By Lizzie Mooney

As much as some hospitals and physicians dislike Electronic Medical Records (EMRs), EMRs are here to stay. But, EMRs and healthcare information technologies (HIT) can give organizations a false sense of security that they are providing value-based services to patients.

EMRs are health record systems, not systems of patient engagement. Problems arise with EMRs because they are not designed to integrate with other systems, and to install them in a large organization often results in numerous interoperability issues. Additionally, EMRs are unable to run metrics on critical results, and hospitals are often left with more gaps than solutions.

According to Solution Reach, many practices lose about 50% of their patient base every five years – a high number for any industry. Since it costs ten times more to find new business than retaining current patients, a hospital must constantly be working towards high rates of patient retention.

Teams can track and measure metrics in spreadsheets, but how can they proactively ensure actionable follow-up? With standard EMRs and other HIT tools, data is constrained to inform, when it should be used to educate.

One of the biggest tools hospitals need in their pocket is the ability to take action and track patient decisions, which can’t be found in EMRs. There is an untapped wealth of patient data waiting to be revealed by healthcare CRM solutions. Hospitals can take action on this data, track interactions for accountable follow-up, and understand the numbers behind patient decisions.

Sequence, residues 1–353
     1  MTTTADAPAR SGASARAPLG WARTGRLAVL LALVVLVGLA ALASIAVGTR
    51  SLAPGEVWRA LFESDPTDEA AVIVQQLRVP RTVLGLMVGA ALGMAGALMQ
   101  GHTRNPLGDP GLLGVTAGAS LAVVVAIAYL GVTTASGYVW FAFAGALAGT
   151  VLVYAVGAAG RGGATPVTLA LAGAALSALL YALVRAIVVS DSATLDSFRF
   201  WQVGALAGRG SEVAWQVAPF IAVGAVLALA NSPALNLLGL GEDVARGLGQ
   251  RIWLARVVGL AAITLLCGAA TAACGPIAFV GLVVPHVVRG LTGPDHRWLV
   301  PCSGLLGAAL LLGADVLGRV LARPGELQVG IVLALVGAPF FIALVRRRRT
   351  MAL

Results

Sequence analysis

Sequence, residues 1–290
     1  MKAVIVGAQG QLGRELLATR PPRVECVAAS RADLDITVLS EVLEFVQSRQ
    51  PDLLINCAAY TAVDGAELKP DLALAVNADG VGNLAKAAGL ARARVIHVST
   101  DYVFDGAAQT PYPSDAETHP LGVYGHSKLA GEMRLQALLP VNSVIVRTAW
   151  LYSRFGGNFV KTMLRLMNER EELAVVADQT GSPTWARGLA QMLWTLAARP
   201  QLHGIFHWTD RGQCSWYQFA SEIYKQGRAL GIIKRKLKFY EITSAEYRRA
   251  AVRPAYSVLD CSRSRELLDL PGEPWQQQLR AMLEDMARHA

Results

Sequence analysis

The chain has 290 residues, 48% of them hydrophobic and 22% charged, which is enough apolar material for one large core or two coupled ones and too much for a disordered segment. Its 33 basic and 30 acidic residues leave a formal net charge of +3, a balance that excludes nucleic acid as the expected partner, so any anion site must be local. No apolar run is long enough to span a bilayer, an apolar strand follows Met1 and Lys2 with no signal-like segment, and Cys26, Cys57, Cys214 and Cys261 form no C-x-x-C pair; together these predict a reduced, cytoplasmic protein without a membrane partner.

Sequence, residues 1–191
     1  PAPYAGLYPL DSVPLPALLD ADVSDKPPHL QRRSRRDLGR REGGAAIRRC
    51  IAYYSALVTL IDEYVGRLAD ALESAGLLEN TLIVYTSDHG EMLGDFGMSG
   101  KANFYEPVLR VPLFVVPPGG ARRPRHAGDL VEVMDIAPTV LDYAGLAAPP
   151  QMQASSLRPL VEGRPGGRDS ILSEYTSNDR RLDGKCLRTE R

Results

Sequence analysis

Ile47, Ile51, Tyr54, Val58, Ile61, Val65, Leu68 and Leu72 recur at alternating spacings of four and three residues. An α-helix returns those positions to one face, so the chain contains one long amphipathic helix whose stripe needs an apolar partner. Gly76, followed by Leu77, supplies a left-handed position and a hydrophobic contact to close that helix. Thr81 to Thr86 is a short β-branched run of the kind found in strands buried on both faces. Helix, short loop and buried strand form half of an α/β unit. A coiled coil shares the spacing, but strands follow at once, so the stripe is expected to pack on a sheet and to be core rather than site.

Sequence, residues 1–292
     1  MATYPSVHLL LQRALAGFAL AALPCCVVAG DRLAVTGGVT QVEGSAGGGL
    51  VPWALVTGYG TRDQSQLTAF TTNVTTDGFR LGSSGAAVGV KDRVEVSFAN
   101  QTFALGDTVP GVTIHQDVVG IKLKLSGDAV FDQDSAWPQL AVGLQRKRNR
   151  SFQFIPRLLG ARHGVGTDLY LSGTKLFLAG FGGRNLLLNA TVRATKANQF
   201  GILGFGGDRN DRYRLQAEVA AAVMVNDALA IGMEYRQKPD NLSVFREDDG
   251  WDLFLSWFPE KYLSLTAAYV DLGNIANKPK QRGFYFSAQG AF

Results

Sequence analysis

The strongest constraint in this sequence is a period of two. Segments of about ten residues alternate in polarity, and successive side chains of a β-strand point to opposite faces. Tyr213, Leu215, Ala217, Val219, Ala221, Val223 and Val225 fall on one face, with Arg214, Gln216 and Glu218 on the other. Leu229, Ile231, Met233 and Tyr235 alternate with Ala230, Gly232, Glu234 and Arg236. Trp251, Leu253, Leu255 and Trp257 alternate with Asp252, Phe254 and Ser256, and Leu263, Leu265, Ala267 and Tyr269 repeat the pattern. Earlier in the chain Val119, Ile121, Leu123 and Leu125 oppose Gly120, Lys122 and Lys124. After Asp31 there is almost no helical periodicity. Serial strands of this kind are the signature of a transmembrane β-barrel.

In large health systems, it’s not uncommon for 20 or so physicians to retire each year. If each of these physicians serves 1,800 patients, that is more than 34,000 patients who will lose their physician every year. These patients add up to a staggering value of almost $50 million annually to the health system. With new regulations and declining reimbursement rates, that’s money a health system can’t afford to lose.

A true healthcare CRM solution can proactively track how many patients are leaving a health system annually, and it can also capture physician transition events to drive accountability across all patient touchpoints. An EMR can’t do that.

Most health systems across the country are faced with patient populations where over half of them are "at-risk" or "not loyal" to their physicians, equating to tens of millions of "at-risk" dollars.

In the end, EMRs and patient portals are just not enough. Health systems need to be able to actively communicate with, engage, and understand their patient populations to drive retention effectively. That's why they need to invest in a healthcare CRM solution.

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